iEngage has attacked the Independent columnist, Yasmin Alibhai-Brown, one of the country’s major voices of moderate Islam, for her opposition to the niqab and the burka. She is far from the only Muslim to be attacked by iEngage. It is interesting that no Muslim MPs attended the launch of the all-party group.

There are countless other examples.

Acting as the secretariat will give iEngage a key role in preparing the APPG’s reports. These will no doubt now follow Engage’s agenda of claiming a “rising tide of Islamophobia” in Britain –  even though, as I detailed, the available evidence simply does not support this.

Haras Rafique, of the anti-extremist thinktank, Centri, said: “If Engage is promoted, it will not only undermine any attempt to tackle anti-Muslim bigotry, but will boost precisely the kind of extremist Islamist groups whose activities fuel anti-Muslim hatred.”

The feebleness of the remaining members of the APPG and their willingness to bow to an “orchestrated campaign” by Islamists has dealt a fatal blow to the credibility of the group. No report it produces can now be taken seriously and no credible MP or peer should wish to be associated with it.


The Guardian's latest Islamist press release

I appear to have written about The Guardian three days in a row – sorry about that – but the paper’s latest wretched press release for the forces of Islamism can’t go unmentioned.

The Guardian story consists of a number of Muslim groups complaining about being labelled “broadly sympathetic to Islamism” in a leaked list sent to the Home Office by Quilliam, the anti-extremist thinktank. This is, apparently, a “smear” and “like something straight out of a Stasi manual.”

One of the angry groups is the Muslim Safety Forum, a liaison body with the police, whose vice-chair, Fatima Khan, is quoted as saying: “[Quilliam’s] attack on the MSF is yet another example of their McCarthyism and desperation to ensure government funding. We deplore such tactics that seek to slander, divide and discredit genuine organisations.”

I wonder why the MSF chose its vice-chair to make this passionate denuniciation? Why didn’t it put up its newly-reappointed chair, Azad Ali? Perhaps it’s because Mr Ali is a self-proclaimed Islamist who describes al-Qaeda as a “myth” and who has stated, in undercover Channel 4 footage, that “democracy, if it means not implementing the sharia, of course nobody agrees with that.”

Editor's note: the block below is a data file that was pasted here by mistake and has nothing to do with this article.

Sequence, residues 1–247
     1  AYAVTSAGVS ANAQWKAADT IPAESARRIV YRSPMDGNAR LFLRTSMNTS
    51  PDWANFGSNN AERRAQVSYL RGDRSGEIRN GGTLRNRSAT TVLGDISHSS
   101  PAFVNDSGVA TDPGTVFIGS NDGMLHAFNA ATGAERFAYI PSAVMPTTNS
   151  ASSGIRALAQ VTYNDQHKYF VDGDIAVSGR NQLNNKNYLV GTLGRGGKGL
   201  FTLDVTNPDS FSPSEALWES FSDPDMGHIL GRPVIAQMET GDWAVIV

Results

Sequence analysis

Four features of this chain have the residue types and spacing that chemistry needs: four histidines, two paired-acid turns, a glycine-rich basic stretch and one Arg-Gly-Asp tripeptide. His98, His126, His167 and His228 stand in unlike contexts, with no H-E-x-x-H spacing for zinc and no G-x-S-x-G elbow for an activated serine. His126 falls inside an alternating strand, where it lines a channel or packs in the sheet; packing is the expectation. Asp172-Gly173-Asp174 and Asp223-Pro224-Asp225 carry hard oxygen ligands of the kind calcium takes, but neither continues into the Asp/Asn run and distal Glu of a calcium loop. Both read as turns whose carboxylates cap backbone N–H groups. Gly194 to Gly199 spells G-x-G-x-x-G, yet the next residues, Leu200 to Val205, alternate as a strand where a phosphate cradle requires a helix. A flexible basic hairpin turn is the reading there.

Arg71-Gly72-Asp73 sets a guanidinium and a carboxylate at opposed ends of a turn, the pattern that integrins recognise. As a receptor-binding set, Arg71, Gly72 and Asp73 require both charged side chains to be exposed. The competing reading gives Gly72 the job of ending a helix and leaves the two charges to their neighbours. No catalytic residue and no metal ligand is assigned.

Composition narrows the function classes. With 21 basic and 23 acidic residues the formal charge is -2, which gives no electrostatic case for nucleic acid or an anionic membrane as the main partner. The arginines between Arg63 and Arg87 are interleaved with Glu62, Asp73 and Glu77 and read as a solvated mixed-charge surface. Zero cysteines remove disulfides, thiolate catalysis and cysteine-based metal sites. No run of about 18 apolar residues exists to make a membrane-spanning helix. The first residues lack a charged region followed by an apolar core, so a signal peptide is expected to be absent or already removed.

Perhaps it’s because Mr Ali is a senior official of the fundamentalist Islamic Forum of Europe – which works, in its own words, to create an Islamic state under sharia law in Europe. The IFE and the MSF share the same offices.

Perhaps it’s because Mr Ali was described by a High Court judge as a man who believed that “the killing of American and British troops in Iraq would be justified.”

Perhaps it’s because, on his IFE blog, Mr Ali has praised a key mentor of Osama bin Laden, strongly supported Hamas, and disputed that the Mumbai attacks were “terrorism.” (These entries have now been removed – but we have the hard copies.)

The MSF – and many of the other organisations listed by Quilliam – is strongly influenced by Islamism, and it’s very far from “McCarthyite,” “Stasi-like” or a “smear” to say so.

The latest story is part, no doubt, of the leaking and briefing war going on now about the role of non-violent Islamists in government – the subject of my weekly column in tomorrow’s paper. Some influential civil servants hold the naïve view that this revolutionary creed can be tamed through “engagement.” In fact, it can only be strengthened. Representatives of what is a relatively small and extreme minority of British Muslims have been anointed by the state as authentic, legitimate voices.

Luckily, ministers appear to disagree with the “engagement” approach. Let’s hope the MSF and the rest of them spend a very long time out in the cold.